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> VCs generally don't get any meaningful impact from intermediate numbers, they get their numbers - both regarding investor returns and their carry fees - only on exits.

The incentives can change if you look one level deeper. VCs often need to start raising a new fund before all the positions in their existing fund are fully liquid. By artificially inflating the valuations of their old fund, they can demonstrate high performance to LPs, which may help them raise more capital for the new fund.




It's true, however, if we look at what impacts the money that VCs actually get themselves, "help them raise more capital for the new fund" only matters if they're having trouble with raising that round (as I mention in the post above).

In normal circumstances, where they can raise the amount the next round should have (i.e. one that they can invest with a good return) this isn't helpful. More capital for the fund doesn't necessarily benefit them - they need enough pledged money for the fund, but if they get the ability to pay twice as much for the same startups, that only decreases their take-home carry after the fact; if they have so much capital that they have to invest it in worse startups just to invest it in the expected timeline - that means worse results and less profit for them; if they raise extra capital for the fund that's sitting unused, then it decreases their overall profitability ratios and again means less profit for the VCs personally.

However, if it's difficult for them to get enough investors for the next round (e.g. during an economic downturn) then yes, in such particular cases the PR advantage might be useful. But it's not in most cases, and not now, and the impact isn't that much - the organizations who invest in VC funds (i.e. the limited partners) aren't stupid as well, they can afford to do a lot of due diligence and all the data for the valuations and discussions and doubts about the valuations is available for them. You could just as well argue that if they inflate valuations, then the community of limited partners might think that they're not prudent with their money and avoid investing in their next fund. PR smoke and mirrors works well on the general public, but less well (though not at zero effect) on the large investing institutions.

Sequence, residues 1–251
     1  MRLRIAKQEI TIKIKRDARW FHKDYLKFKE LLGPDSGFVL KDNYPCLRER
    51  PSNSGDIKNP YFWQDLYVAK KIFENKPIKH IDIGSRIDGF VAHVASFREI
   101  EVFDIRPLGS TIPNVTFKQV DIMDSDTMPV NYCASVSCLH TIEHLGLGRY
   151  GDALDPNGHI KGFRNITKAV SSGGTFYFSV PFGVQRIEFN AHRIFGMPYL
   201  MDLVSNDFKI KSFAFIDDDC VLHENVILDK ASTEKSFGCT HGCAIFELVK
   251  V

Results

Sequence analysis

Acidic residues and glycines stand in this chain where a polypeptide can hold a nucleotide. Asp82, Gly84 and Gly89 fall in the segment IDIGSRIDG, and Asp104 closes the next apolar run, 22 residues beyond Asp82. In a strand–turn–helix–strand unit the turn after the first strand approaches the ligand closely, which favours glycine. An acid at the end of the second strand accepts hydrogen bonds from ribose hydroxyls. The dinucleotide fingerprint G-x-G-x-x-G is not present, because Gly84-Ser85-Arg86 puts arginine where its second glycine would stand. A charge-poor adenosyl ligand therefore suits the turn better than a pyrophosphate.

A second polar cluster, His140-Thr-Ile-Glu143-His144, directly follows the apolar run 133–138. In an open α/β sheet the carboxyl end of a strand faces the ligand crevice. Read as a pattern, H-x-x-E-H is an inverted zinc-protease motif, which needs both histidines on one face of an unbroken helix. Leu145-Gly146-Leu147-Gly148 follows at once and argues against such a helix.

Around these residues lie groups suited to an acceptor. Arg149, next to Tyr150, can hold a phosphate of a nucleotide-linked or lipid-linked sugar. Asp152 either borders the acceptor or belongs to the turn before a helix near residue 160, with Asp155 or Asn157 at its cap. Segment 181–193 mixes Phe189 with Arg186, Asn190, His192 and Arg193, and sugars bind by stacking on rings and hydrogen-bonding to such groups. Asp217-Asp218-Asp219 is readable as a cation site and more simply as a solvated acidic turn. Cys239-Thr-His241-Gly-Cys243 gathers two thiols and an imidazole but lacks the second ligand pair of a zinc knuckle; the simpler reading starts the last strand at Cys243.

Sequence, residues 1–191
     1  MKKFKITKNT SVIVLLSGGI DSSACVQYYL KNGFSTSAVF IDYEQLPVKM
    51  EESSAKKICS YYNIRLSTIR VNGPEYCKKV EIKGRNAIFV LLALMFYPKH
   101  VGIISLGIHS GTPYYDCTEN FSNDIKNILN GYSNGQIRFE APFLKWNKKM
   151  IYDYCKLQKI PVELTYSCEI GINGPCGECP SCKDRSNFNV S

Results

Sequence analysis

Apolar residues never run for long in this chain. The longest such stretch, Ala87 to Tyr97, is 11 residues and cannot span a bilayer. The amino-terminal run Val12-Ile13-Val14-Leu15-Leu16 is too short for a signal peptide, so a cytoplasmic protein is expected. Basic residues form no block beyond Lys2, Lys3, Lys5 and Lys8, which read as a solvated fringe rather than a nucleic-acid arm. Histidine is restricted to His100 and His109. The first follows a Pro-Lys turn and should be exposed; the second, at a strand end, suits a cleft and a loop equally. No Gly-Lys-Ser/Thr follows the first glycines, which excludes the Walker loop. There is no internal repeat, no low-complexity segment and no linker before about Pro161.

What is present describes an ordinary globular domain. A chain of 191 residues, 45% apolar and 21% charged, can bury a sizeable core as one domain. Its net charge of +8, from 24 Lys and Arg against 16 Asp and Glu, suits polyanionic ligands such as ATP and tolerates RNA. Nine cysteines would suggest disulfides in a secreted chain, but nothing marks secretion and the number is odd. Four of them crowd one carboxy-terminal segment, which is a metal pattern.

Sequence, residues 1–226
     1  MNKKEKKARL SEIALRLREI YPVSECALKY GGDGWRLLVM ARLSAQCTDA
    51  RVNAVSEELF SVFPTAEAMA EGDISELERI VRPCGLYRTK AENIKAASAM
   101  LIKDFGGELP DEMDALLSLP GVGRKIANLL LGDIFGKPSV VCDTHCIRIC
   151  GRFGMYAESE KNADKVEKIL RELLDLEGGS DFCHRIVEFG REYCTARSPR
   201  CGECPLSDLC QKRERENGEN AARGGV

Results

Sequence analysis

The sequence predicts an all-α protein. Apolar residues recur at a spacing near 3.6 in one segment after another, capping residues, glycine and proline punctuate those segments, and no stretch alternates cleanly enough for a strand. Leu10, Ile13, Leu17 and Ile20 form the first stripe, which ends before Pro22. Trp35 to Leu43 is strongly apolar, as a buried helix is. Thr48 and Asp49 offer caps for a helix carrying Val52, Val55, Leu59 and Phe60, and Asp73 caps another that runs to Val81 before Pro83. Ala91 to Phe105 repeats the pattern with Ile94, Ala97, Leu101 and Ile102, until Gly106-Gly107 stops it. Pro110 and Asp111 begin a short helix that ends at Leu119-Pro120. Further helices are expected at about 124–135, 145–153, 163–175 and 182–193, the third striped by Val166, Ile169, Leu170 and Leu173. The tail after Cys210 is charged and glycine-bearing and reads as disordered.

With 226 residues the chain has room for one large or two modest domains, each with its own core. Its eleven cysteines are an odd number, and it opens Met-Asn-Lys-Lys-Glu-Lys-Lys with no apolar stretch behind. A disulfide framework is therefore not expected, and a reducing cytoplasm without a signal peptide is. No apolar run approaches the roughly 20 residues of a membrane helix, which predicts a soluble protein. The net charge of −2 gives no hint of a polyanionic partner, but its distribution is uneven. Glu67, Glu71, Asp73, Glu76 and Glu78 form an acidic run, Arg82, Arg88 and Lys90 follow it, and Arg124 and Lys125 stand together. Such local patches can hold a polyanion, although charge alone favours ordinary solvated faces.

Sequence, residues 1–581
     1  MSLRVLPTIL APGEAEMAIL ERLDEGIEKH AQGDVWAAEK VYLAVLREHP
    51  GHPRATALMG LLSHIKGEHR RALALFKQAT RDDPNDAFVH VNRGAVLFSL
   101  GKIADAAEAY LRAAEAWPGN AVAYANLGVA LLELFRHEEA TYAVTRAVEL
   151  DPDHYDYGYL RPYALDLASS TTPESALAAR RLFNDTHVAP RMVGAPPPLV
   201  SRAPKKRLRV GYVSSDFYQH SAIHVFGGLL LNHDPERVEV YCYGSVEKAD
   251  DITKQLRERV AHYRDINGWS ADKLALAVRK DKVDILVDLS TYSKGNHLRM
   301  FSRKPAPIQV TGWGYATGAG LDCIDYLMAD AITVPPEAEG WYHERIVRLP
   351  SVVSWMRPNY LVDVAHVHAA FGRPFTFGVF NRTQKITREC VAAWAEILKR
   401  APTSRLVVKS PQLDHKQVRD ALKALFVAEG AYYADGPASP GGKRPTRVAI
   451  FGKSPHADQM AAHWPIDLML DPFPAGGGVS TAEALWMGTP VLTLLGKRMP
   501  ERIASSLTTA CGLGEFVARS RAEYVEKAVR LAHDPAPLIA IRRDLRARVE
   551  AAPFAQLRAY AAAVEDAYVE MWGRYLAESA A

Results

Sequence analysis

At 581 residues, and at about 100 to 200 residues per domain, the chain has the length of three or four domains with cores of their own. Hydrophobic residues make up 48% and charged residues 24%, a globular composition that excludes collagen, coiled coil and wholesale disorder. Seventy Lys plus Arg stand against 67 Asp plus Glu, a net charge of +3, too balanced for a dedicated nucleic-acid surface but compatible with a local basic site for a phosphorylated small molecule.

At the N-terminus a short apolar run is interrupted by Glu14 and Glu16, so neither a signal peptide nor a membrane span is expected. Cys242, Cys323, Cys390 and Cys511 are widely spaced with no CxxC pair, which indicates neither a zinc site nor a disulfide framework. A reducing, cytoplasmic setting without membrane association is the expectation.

> By artificially inflating the valuations of their old fund, they can demonstrate high performance to LPs, which may help them raise more capital for the new fund.

Where is the line between that and a ponzi scheme? How legal the artificial inflation is? Or is it that the valuation that's being artificially inflated isn't a return per se, but rather highly correlated with returns?




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